BILL ANALYSIS                                                                                                                                                                                                    

                                                                    SB 1444

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          Date of Hearing:  June 28, 2016 


                                   Ed Chau, Chair

          1444 (Hertzberg) - As Amended April 19, 2016

          SENATE VOTE:  39-0

          SUBJECT:  State government:  computerized personal information  
          security plans

          SUMMARY:  Requires each state agency to prepare a computerized  
          personal information security plan that details the agency's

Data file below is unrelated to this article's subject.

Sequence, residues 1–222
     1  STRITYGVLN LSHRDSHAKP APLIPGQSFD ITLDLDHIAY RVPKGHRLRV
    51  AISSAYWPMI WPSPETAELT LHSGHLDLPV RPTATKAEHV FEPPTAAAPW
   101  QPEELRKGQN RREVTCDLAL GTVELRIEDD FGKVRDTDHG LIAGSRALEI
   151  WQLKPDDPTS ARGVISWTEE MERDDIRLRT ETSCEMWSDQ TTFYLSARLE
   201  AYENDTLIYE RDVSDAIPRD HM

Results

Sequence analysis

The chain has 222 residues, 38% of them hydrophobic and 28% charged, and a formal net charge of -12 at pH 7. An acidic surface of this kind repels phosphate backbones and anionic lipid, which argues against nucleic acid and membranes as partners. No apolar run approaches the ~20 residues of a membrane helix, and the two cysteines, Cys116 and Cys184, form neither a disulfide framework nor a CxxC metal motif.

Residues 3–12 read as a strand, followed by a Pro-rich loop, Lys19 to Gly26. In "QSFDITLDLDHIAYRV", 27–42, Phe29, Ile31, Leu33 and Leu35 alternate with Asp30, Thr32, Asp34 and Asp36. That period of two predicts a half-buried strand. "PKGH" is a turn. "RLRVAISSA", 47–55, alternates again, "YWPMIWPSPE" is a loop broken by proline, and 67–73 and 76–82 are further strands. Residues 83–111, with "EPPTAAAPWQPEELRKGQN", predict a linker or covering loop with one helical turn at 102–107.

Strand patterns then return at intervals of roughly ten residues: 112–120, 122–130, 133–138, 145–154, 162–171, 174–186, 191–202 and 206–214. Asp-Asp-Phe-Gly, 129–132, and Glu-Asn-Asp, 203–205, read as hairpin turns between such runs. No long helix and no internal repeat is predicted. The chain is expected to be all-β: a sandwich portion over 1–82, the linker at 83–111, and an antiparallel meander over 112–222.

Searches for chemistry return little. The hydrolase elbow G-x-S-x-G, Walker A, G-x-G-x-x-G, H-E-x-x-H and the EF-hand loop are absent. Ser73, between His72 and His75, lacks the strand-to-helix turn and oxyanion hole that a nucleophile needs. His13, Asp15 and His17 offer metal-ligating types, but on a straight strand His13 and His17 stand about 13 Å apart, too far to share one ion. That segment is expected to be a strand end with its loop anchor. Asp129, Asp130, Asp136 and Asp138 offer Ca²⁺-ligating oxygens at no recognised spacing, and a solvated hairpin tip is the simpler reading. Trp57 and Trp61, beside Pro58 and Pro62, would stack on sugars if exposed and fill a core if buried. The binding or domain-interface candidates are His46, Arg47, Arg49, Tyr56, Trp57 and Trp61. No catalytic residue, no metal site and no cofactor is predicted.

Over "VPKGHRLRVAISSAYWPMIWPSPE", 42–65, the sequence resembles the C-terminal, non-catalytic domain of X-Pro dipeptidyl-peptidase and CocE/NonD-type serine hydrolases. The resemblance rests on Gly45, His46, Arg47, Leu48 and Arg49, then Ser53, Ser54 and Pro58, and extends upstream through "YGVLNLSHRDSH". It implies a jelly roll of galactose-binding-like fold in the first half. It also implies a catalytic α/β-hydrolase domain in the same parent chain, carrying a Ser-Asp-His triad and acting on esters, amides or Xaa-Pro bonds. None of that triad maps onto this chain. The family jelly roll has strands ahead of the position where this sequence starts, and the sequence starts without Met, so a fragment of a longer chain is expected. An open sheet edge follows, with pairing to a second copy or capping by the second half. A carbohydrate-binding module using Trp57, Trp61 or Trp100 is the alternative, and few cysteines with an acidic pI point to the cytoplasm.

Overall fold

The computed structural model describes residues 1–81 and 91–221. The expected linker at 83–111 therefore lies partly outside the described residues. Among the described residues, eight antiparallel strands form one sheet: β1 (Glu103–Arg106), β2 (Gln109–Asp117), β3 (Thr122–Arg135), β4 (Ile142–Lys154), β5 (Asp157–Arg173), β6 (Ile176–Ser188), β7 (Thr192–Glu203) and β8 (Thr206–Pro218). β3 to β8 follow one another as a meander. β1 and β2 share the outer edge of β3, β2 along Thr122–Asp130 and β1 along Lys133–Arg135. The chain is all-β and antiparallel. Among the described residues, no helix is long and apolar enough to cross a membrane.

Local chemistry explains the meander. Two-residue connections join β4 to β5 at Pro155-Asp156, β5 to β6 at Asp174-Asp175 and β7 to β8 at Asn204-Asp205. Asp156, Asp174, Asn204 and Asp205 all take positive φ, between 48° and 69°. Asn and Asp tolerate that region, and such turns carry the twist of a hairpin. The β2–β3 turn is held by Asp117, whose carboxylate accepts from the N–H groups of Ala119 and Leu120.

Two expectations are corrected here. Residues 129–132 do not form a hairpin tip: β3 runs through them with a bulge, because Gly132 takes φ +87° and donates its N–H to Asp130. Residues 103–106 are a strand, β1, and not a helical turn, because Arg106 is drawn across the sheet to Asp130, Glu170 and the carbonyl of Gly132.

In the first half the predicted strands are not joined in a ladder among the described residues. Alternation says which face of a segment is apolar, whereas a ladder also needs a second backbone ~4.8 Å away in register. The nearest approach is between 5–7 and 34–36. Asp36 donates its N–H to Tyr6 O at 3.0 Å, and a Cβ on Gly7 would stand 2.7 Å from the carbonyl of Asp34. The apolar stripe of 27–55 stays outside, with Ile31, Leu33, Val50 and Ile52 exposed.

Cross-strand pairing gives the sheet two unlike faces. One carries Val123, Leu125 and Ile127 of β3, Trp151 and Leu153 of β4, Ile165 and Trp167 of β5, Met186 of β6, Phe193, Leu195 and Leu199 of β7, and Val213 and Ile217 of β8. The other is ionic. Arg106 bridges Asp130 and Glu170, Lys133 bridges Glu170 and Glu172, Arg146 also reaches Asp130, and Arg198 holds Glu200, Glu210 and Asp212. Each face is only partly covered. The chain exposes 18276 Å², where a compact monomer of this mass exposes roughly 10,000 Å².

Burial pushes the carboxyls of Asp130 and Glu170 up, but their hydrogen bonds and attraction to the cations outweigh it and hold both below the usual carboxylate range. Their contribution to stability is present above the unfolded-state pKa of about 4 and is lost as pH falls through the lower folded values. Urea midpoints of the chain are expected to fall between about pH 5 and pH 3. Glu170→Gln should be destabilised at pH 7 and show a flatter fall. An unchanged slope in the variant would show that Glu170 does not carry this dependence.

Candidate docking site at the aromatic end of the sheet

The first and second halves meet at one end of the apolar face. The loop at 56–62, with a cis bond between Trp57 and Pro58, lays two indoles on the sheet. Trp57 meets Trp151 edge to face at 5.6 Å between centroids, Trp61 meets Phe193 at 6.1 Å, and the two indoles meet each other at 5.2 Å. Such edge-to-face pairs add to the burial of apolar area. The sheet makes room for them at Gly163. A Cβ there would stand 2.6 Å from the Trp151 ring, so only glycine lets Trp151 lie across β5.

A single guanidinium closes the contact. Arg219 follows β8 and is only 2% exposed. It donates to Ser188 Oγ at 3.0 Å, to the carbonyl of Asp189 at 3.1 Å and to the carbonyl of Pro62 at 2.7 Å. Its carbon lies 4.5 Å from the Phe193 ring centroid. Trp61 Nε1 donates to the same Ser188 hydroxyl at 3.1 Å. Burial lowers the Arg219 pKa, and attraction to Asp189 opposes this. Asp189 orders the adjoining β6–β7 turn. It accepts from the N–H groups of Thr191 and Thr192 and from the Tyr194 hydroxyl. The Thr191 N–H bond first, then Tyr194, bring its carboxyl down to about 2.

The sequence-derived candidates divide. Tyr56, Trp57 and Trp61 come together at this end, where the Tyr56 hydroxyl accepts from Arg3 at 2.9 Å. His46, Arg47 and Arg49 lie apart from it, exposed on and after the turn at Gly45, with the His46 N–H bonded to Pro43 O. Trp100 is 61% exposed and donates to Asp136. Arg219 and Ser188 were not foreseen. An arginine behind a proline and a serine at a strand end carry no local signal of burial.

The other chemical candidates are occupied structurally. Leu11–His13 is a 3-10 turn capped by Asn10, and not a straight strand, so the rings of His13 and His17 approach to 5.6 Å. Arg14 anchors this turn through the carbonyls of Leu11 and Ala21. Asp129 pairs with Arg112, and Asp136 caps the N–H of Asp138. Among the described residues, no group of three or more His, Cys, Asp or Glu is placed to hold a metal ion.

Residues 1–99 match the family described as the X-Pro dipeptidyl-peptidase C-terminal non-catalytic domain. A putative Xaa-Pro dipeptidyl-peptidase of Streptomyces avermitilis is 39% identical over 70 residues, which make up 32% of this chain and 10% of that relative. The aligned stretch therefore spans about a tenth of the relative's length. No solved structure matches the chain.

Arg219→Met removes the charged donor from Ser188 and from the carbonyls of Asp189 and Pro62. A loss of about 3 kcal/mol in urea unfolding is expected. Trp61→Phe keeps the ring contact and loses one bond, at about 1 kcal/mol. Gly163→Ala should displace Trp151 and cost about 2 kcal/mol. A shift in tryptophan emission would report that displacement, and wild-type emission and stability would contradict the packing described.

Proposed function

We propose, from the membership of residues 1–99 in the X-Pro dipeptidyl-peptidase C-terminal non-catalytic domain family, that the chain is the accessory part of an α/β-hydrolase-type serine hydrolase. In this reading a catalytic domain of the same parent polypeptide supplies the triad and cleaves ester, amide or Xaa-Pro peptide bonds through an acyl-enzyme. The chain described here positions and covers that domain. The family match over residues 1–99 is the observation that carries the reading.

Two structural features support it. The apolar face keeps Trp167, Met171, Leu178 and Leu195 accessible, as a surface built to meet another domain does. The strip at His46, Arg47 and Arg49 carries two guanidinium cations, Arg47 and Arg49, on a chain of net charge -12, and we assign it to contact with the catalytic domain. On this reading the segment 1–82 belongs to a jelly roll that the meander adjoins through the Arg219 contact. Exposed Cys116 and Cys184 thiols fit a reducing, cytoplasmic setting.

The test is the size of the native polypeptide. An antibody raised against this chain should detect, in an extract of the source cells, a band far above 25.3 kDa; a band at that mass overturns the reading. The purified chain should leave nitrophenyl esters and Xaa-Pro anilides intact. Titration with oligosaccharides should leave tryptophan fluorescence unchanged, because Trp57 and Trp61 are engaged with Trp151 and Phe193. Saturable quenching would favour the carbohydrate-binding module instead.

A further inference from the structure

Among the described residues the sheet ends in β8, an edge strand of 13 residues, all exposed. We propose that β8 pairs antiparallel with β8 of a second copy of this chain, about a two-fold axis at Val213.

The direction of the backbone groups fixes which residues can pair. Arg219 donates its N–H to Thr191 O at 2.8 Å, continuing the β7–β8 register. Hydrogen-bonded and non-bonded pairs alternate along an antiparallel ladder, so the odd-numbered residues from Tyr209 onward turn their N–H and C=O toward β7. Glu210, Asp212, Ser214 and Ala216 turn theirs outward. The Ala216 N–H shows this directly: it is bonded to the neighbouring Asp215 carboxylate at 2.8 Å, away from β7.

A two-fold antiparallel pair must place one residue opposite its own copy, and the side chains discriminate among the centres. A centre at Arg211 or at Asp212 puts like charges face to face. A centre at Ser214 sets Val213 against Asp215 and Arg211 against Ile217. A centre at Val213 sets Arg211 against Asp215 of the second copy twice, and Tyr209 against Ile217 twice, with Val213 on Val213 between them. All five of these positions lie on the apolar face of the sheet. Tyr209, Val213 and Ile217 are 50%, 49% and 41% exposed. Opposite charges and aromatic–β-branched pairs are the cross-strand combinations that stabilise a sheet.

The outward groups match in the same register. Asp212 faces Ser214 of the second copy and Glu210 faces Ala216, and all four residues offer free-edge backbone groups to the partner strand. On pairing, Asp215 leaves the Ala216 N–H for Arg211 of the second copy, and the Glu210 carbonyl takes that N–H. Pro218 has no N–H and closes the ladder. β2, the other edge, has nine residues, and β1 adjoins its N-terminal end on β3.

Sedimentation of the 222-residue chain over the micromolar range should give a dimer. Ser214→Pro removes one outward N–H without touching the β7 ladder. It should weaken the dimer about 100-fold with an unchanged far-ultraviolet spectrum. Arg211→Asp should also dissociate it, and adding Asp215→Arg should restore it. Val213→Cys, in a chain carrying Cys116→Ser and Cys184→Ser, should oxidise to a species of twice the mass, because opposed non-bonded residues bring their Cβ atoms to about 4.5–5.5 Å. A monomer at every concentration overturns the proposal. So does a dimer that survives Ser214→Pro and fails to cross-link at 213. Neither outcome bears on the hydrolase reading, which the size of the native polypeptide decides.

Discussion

strategy for responding to a security breach of computerized  
          personal information and associated consequences.  Specifically,  
          this bill:  

          1)Requires a state agency that owns or licenses computerized  
            data that includes personal information to prepare a  
            computerized personal information security plan (plan) that  
            details the agency's strategy for responding to a security  
            breach of computerized personal information and associated  
            consequences caused by the disclosed personal information. 

          2)Requires the plan to include, but is not limited to, all of  
            the following elements:


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               a)     A statement of the purpose and objectives for the  

               b)     An inventory of the computerized personal  
                 information stored or transmitted by the agency;

               c)     Identification of resources necessary to implement